At the Studebaker museum, those of us who remember the brand’s bullet-nosed front end can have the thrill of posing behind the wheel of a cherry-red 1950 Champion Convertible ($1,981 new). Also on display are Gran Turismo, Hawk, Avanti and Lark models from the early 1960s.
The 1904 Studebaker Model C is the company’s oldest surviving gasoline-powered automobile. It was introduced after two years of electric vehicle production. (The temporary exhibit Charged: The Rise, Fall and Resurgence of EVs, featuring eight electric cars produced by various companies from 1901 to 2008, runs through Oct. 2, 2022.)
One of the museum’s rarest pieces is a 1922 child’s hearse, which Studebaker built at a time when the infant mortality rate was high. White and shorter than a normal hearse, it was used only once for a funeral and then as a flower delivery truck. Visitors also will see military vehicles that Studebaker rolled out for the U.S. government during World Wars I and II.
The oldest vehicle in the museum’s collection is the horse-drawn carriage (not a Studebaker) that transported Abraham Lincoln to Ford’s Theatre on the night of his assassination on April 14, 1865. It is displayed with Studebaker carriages made for Presidents Benjamin Harrison and William McKinley, plus a non-Studebaker used by Ulysses S. Grant before and after he became president. (Acquiring these carriages for their historical importance, the Studebaker brothers displayed them at fairs and expositions across the country.)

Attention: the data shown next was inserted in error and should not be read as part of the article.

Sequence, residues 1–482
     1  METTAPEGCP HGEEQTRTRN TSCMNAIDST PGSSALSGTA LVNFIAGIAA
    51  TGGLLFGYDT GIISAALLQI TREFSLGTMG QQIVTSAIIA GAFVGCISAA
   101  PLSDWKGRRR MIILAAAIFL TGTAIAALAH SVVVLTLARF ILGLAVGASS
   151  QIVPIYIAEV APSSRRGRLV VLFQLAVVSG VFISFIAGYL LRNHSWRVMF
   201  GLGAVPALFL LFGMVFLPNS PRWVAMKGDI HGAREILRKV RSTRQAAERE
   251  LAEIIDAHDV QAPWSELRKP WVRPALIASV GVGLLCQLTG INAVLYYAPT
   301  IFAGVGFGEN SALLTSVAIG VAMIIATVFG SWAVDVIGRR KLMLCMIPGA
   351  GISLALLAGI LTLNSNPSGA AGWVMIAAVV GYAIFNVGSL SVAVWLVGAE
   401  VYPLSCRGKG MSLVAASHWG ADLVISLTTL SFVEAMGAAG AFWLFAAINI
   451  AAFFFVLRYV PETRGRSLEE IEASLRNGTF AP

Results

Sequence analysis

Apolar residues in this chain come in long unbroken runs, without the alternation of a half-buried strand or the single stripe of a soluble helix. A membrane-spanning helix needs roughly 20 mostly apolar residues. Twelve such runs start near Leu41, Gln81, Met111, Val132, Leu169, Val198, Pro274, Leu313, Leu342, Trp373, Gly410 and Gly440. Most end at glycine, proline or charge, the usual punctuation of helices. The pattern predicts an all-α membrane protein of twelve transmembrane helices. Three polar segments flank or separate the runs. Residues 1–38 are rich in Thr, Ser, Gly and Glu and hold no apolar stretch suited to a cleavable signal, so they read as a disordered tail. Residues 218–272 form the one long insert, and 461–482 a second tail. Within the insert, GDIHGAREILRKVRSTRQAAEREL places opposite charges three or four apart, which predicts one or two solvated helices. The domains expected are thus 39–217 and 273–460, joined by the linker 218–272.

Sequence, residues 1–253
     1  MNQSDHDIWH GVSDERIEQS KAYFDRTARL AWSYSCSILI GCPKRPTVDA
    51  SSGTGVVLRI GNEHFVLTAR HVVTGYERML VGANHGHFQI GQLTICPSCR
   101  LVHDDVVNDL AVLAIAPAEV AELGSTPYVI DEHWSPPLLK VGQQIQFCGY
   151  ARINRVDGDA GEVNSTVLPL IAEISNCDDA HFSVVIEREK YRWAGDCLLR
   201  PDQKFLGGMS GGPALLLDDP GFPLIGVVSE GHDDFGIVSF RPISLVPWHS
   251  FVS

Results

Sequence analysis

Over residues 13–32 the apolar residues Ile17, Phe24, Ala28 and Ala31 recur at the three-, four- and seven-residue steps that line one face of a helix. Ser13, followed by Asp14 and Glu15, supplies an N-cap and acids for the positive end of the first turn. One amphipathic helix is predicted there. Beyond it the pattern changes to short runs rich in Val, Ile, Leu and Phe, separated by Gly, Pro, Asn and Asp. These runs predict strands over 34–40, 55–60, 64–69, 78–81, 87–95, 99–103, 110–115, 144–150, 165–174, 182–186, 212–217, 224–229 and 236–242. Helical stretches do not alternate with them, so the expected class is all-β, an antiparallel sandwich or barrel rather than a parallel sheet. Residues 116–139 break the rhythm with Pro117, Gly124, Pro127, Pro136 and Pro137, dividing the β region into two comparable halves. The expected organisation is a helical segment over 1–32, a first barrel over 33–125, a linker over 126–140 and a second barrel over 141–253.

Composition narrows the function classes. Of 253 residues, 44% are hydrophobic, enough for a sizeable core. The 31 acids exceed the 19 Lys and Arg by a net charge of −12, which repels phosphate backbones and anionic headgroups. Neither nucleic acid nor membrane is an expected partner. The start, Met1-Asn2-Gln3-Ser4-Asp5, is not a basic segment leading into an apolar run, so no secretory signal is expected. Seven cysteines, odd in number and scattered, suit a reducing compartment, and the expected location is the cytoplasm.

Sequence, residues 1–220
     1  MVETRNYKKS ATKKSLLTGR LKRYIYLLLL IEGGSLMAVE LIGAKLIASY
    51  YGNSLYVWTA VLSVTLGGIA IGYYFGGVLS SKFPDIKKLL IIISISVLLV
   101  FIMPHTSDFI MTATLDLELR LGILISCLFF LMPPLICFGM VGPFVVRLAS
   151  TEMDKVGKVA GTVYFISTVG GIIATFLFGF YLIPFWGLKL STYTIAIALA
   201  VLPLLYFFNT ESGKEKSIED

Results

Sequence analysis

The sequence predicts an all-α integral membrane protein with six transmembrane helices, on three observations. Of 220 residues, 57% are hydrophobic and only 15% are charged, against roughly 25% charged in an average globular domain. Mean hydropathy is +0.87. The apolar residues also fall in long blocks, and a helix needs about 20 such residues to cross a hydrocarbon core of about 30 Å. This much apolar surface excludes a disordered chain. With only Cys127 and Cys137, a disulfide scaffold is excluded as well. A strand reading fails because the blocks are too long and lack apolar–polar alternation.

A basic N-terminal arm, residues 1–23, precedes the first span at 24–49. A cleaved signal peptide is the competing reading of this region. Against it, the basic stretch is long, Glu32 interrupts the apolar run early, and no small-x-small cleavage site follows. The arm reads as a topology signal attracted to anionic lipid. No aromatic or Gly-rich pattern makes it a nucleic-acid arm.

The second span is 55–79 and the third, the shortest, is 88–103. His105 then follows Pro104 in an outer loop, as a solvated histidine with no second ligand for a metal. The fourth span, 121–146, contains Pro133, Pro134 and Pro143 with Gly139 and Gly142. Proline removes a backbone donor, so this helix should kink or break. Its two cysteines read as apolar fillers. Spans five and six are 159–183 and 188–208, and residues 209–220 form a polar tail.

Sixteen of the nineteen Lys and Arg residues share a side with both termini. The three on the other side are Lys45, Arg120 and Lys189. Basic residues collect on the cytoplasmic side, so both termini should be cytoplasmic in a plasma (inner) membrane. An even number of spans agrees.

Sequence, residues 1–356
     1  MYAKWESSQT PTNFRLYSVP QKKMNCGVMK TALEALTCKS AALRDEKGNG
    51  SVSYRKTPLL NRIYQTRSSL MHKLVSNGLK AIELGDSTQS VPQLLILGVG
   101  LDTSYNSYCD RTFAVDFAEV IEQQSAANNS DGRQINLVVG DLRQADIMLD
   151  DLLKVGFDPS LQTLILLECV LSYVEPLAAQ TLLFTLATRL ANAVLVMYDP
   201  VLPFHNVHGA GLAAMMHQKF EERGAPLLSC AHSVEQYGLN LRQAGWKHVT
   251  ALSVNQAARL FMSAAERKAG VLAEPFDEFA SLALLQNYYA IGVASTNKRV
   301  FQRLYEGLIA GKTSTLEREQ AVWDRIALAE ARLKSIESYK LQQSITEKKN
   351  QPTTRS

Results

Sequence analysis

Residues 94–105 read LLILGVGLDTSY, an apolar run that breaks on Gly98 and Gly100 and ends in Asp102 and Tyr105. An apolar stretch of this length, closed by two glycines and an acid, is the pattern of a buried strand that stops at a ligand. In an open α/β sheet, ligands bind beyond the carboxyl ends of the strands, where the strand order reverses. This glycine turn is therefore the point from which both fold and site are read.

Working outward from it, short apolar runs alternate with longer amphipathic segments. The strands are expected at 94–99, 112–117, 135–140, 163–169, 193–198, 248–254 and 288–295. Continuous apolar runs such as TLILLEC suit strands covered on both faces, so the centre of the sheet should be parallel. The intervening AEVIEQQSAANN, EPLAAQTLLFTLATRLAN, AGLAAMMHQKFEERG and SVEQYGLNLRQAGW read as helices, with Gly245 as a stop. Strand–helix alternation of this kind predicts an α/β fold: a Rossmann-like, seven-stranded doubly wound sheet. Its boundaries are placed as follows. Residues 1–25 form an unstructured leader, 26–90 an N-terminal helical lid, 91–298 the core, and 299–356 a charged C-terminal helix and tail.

Connected to the Studebaker repository is The History Museum, a treasure house of local history. The campus also includes the 1896 Oliver Mansion, perhaps the most opulent Gilded Age home in Indiana.
More South Bend History
One gallery in The History Museum focuses on the South Bend Blue Sox, a team that played all 12 seasons in the All-American Girls Professional Baseball League (AAGPBL). The excellent collection of AAGPBL memorabilia tells the story of the women’s league that started during World War II and lasted until 1954, a chapter in sports history immortalized in the 1992 movie A League of Their Own. Directed by Penny Marshall, the film starred Geena Davis, Tom Hanks, Madonna, Lori Petty and Rosie O’Donnell. One exhibit area presents facts about the movie and behind-the-scenes tidbits. For sale in the museum gift shop are T-shirts inscribed “There’s No Crying in Baseball,” one of the greatest film quotes of all time (as voted by the American Film Institute).
The History Museum also sheds light on James D. Oliver, whose South Bend company earned the title “Plowmakers to the World.” By the 1880s, Oliver’s foundry was turning out one steel plow nearly every minute. By 1911 the plant employed 2,600 workers and had an annual capacity of 800,000 plows, which were sold throughout North America and overseas. The firm also made tractors, corn planters, cotton planters and other farming implements. A red-brick chimney bearing the word “Oliver,” a remnant of Oliver’s factory, still stands on the site, now the property of a brick-making plant.